When being lean just isn’t good enough
I know how to get lean, but I want to get ripped so I paid my trainer for a customized diet plan where I ate 1600 calories a day with protein at 26%, carbs at 51% and fat at 23% of my diet. I woke up nightly at 2am, starving, but refrained from eating because, if I did, I would go over my quota.
After six weeks on this low calorie diet, and no improvements, I asked my trainer to tweak the diet plan. He increased my calories by 200 and said to up the cardio. One week later I was a half a pound heavier and looked it. My trainer moved to another state, and didn’t give me further advise so I hired another trainer who gave me a new diet plan at 1479 calories a day with a higher protein ratio at 34%, lowered carbs at 44% and a lowered fat intake of 21%. (which meant very lean proteins and no nuts). He also wanted me to do 1 hour of intense cardio 5 times a week.
Three weeks on this extremely low-calorie diet, and no fat loss, I knew something had to change. My trainer told me to limit weight-training to 3 times a week instead of 5. I no longer woke up hungry and figured this was a bad sign. I gained a pound and it wasn’t muscle weight. My trainer then said I should decrease my calories by 100 to 1347 a day. I wanted to cry. He told me to “trust the process” and not to get advice from anyone other than him because everyone will tell you something different. The problem was that his “process” was backfiring.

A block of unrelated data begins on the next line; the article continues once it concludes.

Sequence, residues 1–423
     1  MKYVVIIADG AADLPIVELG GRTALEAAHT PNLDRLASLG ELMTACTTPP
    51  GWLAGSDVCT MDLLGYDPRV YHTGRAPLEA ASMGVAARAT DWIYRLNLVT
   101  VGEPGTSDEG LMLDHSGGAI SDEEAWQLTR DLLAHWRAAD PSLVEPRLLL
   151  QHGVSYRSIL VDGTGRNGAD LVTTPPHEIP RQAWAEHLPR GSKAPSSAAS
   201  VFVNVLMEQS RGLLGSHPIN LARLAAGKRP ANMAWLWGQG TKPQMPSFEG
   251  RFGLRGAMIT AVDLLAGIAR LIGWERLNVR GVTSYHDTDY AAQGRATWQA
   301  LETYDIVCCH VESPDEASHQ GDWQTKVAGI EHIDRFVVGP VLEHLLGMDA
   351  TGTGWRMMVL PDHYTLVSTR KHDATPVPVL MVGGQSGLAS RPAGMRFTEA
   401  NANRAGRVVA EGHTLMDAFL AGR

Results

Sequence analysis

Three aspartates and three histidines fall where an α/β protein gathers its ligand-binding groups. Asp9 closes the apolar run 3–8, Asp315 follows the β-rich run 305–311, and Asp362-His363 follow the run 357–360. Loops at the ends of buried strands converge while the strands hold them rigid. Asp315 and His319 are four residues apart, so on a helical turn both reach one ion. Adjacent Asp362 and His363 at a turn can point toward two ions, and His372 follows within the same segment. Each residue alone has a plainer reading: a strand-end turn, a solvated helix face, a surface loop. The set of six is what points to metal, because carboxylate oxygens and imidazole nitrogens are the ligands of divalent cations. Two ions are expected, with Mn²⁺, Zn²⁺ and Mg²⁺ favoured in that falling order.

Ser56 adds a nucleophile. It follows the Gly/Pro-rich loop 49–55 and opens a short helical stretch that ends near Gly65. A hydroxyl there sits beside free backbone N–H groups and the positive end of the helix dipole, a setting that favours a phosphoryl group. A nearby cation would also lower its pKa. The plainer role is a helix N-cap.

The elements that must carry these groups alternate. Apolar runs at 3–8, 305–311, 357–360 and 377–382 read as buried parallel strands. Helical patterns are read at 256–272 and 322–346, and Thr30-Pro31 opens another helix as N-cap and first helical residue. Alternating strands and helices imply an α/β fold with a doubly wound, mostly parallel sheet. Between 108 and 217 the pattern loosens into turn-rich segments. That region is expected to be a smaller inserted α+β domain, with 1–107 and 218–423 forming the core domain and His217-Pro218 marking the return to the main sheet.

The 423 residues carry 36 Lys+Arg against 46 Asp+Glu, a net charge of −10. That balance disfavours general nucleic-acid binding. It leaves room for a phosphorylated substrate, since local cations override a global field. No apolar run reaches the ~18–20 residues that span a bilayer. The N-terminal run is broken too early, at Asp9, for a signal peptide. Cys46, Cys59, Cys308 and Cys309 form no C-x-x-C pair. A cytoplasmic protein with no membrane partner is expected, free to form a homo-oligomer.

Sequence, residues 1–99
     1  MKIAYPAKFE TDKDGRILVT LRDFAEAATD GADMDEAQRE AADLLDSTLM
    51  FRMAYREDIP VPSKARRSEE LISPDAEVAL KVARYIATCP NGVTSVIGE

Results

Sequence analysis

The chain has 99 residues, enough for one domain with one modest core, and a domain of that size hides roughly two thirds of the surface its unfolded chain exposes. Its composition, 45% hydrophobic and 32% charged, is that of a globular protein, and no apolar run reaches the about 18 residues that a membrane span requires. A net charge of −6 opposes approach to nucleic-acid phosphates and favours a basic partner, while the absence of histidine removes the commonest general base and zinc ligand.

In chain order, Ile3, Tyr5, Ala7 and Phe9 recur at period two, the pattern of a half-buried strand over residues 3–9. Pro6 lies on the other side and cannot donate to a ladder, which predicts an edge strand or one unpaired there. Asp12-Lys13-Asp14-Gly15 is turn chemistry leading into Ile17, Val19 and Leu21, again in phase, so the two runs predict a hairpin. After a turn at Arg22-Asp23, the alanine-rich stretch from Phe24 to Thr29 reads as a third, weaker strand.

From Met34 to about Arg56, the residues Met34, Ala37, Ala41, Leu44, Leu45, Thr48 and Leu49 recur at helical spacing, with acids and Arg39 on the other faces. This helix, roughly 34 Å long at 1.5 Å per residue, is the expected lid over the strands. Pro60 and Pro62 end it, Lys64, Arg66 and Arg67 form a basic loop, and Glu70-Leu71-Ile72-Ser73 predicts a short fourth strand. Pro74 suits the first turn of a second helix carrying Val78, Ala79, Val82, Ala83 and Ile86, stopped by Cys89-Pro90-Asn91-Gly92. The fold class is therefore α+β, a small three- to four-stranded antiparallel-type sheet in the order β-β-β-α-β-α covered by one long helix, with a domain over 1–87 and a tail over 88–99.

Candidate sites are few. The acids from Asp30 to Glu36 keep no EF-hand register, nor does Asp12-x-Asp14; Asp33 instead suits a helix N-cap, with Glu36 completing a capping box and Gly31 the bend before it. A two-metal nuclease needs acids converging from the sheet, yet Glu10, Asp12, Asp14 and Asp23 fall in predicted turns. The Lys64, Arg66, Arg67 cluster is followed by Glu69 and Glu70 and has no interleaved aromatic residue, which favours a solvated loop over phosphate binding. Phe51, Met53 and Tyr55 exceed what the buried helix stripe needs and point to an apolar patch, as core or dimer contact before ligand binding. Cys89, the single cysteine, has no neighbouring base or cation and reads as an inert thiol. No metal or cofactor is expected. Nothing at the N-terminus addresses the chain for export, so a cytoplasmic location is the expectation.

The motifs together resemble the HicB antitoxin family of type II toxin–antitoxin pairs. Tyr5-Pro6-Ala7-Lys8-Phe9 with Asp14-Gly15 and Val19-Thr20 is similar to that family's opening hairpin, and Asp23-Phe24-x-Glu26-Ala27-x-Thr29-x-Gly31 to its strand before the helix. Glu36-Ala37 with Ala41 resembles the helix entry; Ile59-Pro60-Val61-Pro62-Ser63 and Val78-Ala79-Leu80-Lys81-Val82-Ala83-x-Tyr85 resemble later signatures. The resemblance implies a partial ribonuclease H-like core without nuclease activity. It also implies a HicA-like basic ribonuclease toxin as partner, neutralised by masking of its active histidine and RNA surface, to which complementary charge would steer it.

Any time you eat too few calories, your body adjusts and your metabolism drops. That’s what I feared was happening. I did what he told me what not to do and spoke to Rick Stephensen, owner of World Gym in San Diego, a bodybuilder who used to compete in the 80’s. Back then, to prep for a show, he would cycle between 1600, 1700 and 1800 calories a day which is extremely low for someone with that much muscle at 5’8. He said 1379 calories was too, even for a tiny woman my size, that my metabolism slowed, and I needed to adjust my caloric intake 200-300 each day so that I wasn’t eating the same amount of calories on a daily basis, yet still being in a deficit. The reason this works it that it shocks the system so that it never knows how much you are going to eat. This is great news because I won’t be starving myself daily, and can indulge a little 2-3 days a week.
Photo: Me, on the left, and IFBB Pro Lisa Rapoza at World Gym, San Diego, Pacific Beach